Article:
Friday, 9 May 2014

...of panophobia

'Belikov tried to bury his thoughts inside a rigid case. Only official regulations and newspaper articles, in which something or other was prohibited, had any meaning for him. For him, only rules forbidding students to be out in the streets after nine in the evening or an article outlawing sexual intercourse were unambiguous and authoritative: the thing was prohibited - and that was that! But whenever anything was allowed and authorised, there was something dubious, vague and equivocal lurking in it. When a dramatic society or reading-room, or a tea-shop in town, was granted a licence, he would shake his head and softly say, "That's all very well, of course, but there could be trouble!"
'The least infringement, deviation, violation of the rules reduced him to despair, although you may well ask what business was it of his anyway? If a fellow-teacher was late for prayers, or if news of some schoolboy mischief reached his ears, or if he spotted a schoolmistress out late at night with an officer, he would get very heated and say over and over again, "There could be trouble." At staff meeting he really got us down with his extreme caution, his suspiciousness and his positively encapsulated notions about current wretched standards of behaviour in boys' and girls' schools, about the terrible racket students made in class and once again he would say, "Oh dear, what if the authorities got to hear? Oh, there could be trouble! Now, what if we expelled that Petrov in the second form and Yegorov in the fourth?" Well then, what with all his moaning and whining, what with those dark glasses and that pale little face (you know, it was just like a ferret's), he terrorised us so much that we had to give in. Petrov and Yegorov were given bad conduct marks, put in detention and finally both were expelled. He had the strange habit of visiting us in our digs. He would call in on some teacher and sit down without saying a word, as though he were trying to spy something out. After an hour or two he would get up and go. He called it "maintaining good relations with my colleagues". These silent sessions were clearly very painful for him and he made them only because he felt it was his duty to his fellow-teachers. All of us were scared of him, even the Head. It was quite incredible really, since we teachers were an intelligent, highly respectable lot, brought up on Turgenev and Shchedrin. And yet that miserable specimen, with that eternal umbrella and galoshes, kept the whole school under his thumb for fifteen whole years! And not only the school, but the whole town! Our ladies gave up their Saturday amateur theatricals in case he found out about them. And the clergy were too frightened to eat meat or play cards when he was around. Thanks to people like Belikov, the people in this town have lived in fear of everything for the last ten or fifteen years. They are frightened of talking out loud, sending letters, making friends, reading books, helping the poor or teaching anyone to read and write...'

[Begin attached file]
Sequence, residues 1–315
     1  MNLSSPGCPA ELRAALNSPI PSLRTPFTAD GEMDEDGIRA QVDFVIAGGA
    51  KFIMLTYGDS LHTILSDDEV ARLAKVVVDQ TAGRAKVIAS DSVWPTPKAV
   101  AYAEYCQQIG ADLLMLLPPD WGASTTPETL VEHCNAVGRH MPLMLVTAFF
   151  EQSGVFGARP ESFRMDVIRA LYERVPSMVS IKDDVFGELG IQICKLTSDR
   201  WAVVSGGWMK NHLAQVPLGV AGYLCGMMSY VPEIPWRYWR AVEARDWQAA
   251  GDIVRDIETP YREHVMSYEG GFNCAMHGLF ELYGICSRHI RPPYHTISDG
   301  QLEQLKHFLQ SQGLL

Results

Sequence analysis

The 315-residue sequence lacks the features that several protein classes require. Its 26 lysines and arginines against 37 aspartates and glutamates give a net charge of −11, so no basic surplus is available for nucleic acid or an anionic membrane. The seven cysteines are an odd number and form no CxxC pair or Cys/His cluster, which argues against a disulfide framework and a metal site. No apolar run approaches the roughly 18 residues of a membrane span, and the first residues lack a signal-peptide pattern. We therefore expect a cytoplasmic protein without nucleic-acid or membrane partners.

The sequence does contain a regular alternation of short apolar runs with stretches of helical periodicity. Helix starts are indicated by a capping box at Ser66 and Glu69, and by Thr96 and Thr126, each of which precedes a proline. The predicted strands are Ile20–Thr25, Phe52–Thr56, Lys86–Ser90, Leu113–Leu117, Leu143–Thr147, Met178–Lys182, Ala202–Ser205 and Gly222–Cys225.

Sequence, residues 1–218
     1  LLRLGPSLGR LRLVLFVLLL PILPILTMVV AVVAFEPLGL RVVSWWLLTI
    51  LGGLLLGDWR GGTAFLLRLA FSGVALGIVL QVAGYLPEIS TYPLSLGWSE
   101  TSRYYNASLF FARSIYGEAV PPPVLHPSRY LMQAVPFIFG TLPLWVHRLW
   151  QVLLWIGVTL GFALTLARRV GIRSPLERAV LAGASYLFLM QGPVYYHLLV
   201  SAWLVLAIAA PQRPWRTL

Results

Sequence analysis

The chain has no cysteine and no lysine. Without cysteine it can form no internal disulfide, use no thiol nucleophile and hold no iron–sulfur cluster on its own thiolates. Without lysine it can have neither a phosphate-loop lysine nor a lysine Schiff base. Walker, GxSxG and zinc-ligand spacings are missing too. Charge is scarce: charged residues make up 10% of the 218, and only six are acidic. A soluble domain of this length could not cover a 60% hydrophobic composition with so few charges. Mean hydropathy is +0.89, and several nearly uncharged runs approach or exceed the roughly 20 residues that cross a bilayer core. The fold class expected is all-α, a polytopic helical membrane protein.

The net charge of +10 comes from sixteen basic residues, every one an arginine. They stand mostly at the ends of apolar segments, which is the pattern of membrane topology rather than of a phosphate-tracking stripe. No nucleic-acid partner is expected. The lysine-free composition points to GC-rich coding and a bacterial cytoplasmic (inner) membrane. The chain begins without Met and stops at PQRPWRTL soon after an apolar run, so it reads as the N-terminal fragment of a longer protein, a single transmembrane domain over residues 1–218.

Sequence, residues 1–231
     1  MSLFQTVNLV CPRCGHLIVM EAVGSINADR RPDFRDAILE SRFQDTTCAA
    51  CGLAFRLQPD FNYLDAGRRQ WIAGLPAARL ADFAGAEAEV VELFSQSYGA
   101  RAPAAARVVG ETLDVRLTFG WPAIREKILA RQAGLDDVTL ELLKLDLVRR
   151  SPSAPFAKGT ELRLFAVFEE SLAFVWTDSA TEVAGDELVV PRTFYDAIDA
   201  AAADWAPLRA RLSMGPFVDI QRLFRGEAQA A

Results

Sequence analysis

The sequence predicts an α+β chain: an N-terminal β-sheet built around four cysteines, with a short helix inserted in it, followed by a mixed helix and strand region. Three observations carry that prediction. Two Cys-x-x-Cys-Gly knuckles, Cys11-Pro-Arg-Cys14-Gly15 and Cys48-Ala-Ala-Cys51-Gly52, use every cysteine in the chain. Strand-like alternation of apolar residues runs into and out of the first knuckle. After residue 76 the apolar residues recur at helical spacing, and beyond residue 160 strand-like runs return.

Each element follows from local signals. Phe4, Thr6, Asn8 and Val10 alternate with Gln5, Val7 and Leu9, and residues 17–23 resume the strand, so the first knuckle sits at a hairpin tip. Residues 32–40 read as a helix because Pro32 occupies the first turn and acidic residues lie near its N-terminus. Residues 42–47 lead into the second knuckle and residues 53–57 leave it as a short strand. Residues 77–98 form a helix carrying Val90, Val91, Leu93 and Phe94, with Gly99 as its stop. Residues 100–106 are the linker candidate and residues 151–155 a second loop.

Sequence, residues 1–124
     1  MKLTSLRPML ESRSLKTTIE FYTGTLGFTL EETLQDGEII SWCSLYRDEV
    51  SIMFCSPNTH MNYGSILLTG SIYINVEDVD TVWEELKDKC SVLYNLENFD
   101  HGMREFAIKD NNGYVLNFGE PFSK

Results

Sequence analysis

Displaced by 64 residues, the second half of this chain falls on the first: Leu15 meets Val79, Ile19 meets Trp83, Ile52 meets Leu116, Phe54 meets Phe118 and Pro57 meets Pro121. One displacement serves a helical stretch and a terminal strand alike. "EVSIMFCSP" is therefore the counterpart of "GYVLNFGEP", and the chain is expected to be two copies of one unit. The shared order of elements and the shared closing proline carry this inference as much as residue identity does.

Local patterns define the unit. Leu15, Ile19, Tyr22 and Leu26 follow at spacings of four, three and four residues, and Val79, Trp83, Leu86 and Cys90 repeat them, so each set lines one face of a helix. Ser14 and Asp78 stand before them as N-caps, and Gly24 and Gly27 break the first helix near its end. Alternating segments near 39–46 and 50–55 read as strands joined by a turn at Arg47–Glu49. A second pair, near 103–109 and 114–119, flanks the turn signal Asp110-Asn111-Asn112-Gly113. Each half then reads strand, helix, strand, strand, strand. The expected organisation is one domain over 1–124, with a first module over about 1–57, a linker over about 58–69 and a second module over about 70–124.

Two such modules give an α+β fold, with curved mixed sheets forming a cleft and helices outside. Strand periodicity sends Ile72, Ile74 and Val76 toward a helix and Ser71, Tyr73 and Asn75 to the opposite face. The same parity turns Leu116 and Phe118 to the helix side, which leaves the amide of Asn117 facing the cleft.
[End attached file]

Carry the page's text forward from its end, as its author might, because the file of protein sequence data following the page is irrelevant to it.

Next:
[Man In A Case, Chekhov, A.]

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